Think hot, humid and sticky. So humid you’re dripping in sweat, you’ve never been so hot in your entire life. You’re wandering how you could possibly get cooler, you consider cutting the ass cheeks out of your underwear, just to be wearing less clothing.
Welcome to the Jungle…
Rurrenabaque is in the north east of Bolivia, about a 45 minute flight from La Paz (or a 24 hour bus ride down a dry river bed for the more adventurous). Rurrenabaque airport is a dirt runway with a shack on the side and a few cows on the runway. Because of this, planes can’t land when it’s rainy. So be ready to have cancellations and disruptions if flying in from La Paz. The actual flight is a bumpy ride in a small 18 seater plane, a reminder of my Nazca experience.
As a town Rurrenabaque is a cute little place, and because it’s so hot everything happens out on the street. Family’s watch TV and cook dinner out front of their homes, and every door and window is open. It has a peaceful community feel. From here you can do trips into the the Amazon Jungle (well an extension of it), cheaper than any where else, and a bucket load cheaper than from Brazil. So a lot of travellers venture to Rurrenabaque from La Paz, and off into the Amazon.
After arriving we found some accommodation with air conditioning (!!!) and a pool to relax by for the afternoon. While sitting on the edge of the pool a Blue Macaw came flying over and perched on the branch of a palm tree right next to me and eagles were riding the thermals over head. I sat there in awe… It doesn’t take long to love this place.
The next morning we jumped on a Pampas tour, which took us for three days into the jungle. Again there were only 4 of us on our tour, us and Nick and Lara – a couple on their honey moon, and our guide Fernando. It was a 3 hour drive down a dirt track to get from Rurrenabaque to the river where the trip starts. Our vehicle had a smashed windscreen, no seat belts, nothing on the dash was working, and the seats felt like they’d fall out any minute. Adventure plus. We made it to the river alive and jumped into our boat, which was a long canoe with seats set into it.
During the 4hour trip down the river we saw an array of wild life, hundreds of alligators and caiman, heron, eagles, and capybara the world’s largest rodent. That night we watched the sunset over the river in the sunset bar, and tried to sleep in pools of our own sweat under mosquito nets.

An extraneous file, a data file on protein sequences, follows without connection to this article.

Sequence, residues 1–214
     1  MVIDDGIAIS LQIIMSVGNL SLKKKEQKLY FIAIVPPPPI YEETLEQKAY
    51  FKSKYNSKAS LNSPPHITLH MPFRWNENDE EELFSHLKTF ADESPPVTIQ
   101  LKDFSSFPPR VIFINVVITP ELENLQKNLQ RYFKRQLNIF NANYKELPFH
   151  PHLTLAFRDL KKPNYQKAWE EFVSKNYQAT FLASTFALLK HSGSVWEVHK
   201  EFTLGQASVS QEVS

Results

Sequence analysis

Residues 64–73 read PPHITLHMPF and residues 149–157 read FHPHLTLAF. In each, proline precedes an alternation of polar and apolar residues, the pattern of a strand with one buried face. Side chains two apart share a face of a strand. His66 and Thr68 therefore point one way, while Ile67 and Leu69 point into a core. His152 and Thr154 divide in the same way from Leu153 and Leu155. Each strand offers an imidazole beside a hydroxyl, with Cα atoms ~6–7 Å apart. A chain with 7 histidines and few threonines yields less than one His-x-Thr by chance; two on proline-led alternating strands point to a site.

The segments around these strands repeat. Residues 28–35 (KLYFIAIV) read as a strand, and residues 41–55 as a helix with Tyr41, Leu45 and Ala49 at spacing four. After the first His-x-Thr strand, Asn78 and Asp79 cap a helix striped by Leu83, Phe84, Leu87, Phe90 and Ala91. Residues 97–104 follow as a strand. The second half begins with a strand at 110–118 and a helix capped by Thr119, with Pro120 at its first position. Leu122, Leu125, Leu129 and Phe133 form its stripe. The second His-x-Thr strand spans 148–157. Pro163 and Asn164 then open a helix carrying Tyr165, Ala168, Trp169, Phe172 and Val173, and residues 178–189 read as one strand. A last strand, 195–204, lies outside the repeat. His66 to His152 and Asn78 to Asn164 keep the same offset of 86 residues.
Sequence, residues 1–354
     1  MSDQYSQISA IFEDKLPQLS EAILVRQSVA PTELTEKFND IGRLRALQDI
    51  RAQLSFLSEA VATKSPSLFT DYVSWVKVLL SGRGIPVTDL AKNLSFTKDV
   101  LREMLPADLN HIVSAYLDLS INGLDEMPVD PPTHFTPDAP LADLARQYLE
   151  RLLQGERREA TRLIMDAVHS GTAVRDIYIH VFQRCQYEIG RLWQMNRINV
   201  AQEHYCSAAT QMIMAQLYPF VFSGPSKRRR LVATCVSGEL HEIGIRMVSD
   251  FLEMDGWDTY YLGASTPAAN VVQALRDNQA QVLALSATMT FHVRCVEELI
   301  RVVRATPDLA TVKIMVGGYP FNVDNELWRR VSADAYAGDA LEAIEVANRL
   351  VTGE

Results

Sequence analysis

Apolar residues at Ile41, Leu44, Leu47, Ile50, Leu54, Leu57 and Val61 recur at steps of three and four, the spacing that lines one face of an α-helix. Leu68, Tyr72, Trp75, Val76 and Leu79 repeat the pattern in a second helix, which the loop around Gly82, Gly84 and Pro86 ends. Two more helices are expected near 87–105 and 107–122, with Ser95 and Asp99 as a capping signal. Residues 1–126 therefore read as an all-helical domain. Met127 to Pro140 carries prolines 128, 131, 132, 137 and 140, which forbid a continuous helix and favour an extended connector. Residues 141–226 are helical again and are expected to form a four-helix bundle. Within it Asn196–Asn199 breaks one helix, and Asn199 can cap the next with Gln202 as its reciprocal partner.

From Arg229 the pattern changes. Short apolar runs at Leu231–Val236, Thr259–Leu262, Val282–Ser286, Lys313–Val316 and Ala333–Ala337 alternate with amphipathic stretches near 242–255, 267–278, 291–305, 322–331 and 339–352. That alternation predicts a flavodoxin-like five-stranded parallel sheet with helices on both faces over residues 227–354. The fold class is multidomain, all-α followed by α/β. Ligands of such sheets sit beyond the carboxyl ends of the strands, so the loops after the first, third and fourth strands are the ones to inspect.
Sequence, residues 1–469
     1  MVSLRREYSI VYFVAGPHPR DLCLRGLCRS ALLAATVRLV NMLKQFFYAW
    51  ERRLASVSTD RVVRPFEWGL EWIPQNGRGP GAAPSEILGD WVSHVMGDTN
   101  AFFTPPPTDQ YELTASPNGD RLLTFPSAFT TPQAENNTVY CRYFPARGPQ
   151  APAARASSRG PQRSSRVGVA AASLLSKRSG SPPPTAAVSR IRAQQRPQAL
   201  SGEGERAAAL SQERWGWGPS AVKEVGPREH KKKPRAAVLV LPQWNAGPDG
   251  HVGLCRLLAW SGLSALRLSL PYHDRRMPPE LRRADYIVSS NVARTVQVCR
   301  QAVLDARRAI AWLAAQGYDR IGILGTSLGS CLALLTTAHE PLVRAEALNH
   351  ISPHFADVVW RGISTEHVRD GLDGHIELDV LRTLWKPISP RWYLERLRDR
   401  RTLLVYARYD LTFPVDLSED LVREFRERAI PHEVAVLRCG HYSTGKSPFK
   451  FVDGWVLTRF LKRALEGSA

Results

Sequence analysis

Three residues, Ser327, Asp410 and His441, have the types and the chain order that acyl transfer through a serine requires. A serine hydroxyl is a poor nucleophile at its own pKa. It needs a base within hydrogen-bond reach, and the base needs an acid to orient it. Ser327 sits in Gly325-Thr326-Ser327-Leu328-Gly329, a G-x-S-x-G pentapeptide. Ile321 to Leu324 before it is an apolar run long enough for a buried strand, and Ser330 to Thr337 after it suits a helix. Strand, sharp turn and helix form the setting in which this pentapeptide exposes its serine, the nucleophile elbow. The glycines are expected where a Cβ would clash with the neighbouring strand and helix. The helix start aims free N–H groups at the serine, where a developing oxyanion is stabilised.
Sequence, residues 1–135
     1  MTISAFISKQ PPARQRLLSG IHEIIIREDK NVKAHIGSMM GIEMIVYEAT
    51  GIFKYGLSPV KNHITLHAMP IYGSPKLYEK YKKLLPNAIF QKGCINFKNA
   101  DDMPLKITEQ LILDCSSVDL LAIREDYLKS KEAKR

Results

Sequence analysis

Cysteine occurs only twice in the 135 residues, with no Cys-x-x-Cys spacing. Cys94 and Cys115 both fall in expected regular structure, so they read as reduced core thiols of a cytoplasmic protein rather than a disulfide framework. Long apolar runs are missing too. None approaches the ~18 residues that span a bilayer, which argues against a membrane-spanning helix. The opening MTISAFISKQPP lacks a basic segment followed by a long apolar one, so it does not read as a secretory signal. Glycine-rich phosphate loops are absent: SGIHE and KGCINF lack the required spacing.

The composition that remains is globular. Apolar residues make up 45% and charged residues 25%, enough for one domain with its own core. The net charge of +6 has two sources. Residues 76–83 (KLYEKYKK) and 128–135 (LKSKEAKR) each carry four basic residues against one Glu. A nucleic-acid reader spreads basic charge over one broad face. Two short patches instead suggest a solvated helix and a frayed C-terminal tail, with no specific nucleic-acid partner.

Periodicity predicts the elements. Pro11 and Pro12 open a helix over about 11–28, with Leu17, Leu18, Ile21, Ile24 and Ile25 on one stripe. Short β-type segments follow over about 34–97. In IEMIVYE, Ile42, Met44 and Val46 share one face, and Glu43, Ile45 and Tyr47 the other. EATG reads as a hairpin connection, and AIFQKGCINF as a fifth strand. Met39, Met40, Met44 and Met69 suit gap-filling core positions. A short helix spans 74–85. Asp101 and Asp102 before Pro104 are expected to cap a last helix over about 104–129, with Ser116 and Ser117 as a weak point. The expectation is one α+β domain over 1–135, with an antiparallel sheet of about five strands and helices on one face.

The following day I awoke to find a mouse had eaten holes in yesterdays t-shirt and was now asleep inside my jacket… although I didn’t find this out until i picked up my jacket, felt something heavy in it and shook it out… then came the loud thud and the fat mouse ran off along the floor. I stood there staring in a brief moment of realisation… then came the “oh shit” as I ran out of the room.
On day two we went anaconda hunting. I’d heard a lot about this from people who had been, and had mixed emotions about it. Would it be cool to see an anaconda… yes… would I want to be near an anaconda… no…. and then came the fear, the questions, and the potential escape plan formulating itself in the back of my mind.
First query, how exactly do you hunt for an Anaconda. Good question. Anaconda hunting involved pushing our way through the jungle until we arrived at a large lake surrounded by reeds. The tour guide then pocked around in the reeds with a large stick while we looked on from the edge, in the blazing heat. We could have gone in with him, but thought better of it. I wondered if anaconda’s are like sharks, you’re safe in a group than alone. We’d become quite fond of our guide Fernando, and I couldn’t help but wonder what we would do if he was in fact, taken by an anaconda because we’d let him go in alone…
So it was fair to say that I was scared for Fernanado and almost happy that he didn’t find an anaconda. But we did come across a green mamba snake which was pretty impressive. After making it back to camp and standing under cold showers to cool down, we chilled out for the afternoon in hammocks by the river. A toucan and some howler monkeys came into our camp which was incredible, and in the evening we set out piranha fishing.
Let me say that again, Piranha Fishing… yes, we fished for Piranhas. We set out in the little canoe and set up in a small spot under a tree and threw our lines in with meat as bait. Now, if you’re expecting a hollywood style piranha gorge fest, then you’re in for disappointment, it’s nothing like the movie. More like a few ripples in the water and then snatch, before you get a chance to pull the line in the bate is gone. I finally caught one, thankfully the others had some better luck, and we ate them for dinner.
Day three we were up early to see the sunrise then went out in our boat. We went to shore in one area and two alligators came towards us instead of away. I was getting a little edgy until our guide introduced them as Peter and Casimara, two alligators who often come and say hello. Later that morning we piled our gear into the boat and headed out. We saw some pink river dolphins along the way and the boys got out and swam… in the water with the pink river dolphins… and the alligators… brave men. As we drove out the rain came, which was perfect timing for us, although the rain did make for an adventurous drive out.
As we were waiting for our flight back to La Paz, Diana – the Kiwi girl I’m met in La Paz, arrived on the back of a motor bike. It’s amazing how you bump into the same people everywhere on the gringo trail…
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